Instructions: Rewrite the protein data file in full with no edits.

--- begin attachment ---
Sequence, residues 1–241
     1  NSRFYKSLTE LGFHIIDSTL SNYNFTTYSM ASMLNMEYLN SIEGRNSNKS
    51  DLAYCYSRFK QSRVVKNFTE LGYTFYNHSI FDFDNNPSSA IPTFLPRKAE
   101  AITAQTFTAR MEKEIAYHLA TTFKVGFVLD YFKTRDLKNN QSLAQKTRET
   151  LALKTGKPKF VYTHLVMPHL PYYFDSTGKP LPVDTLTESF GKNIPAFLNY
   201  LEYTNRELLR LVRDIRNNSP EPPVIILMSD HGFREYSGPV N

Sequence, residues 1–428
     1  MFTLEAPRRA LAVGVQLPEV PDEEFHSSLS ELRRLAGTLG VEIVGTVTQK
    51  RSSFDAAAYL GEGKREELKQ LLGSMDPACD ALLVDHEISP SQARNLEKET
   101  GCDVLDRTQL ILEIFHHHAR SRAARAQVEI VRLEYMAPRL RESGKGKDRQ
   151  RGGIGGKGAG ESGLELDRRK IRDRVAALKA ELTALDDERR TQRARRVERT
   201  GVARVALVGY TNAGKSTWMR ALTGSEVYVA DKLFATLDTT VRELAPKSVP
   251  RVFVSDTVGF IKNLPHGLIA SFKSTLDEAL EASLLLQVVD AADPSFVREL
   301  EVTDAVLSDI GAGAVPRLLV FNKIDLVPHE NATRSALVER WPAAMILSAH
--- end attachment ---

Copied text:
Sequence, residues 1–241
     1  NSRFYKSLTE LGFHIIDSTL SNYNFTTYSM ASMLNMEYLN SIEGRNSNKS
    51  DLAYCYSRFK QSRVVKNFTE LGYTFYNHSI FDFDNNPSSA IPTFLPRKAE
   101  AITAQTFTAR MEKEIAYHLA TTFKVGFVLD YFKTRDLKNN QSLAQKTRET
   151  LALKTGKPKF VYTHLVMPHL PYYFDSTGKP LPVDTLTESF GKNIPAFLNY
   201  LEYTNRELLR LVRDIRNNSP EPPVIILMSD HGFREYSGPV N

Sequence, residues 1–428
     1  MFTLEAPRRA LAVGVQLPEV PDEEFHSSLS ELRRLAGTLG VEIVGTVTQK
    51  RSSFDAAAYL GEGKREELKQ LLGSMDPACD ALLVDHEISP SQARNLEKET
   101  GCDVLDRTQL ILEIFHHHAR SRAARAQVEI VRLEYMAPRL RESGKGKDRQ
   151  RGGIGGKGAG ESGLELDRRK IRDRVAALKA ELTALDDERR TQRARRVERT
   201  GVARVALVGY TNAGKSTWMR ALTGSEVYVA DKLFATLDTT VRELAPKSVP
   251  RVFVSDTVGF IKNLPHGLIA SFKSTLDEAL EASLLLQVVD AADPSFVREL
   301  EVTDAVLSDI GAGAVPRLLV FNKIDLVPHE NATRSALVER WPAAMILSAH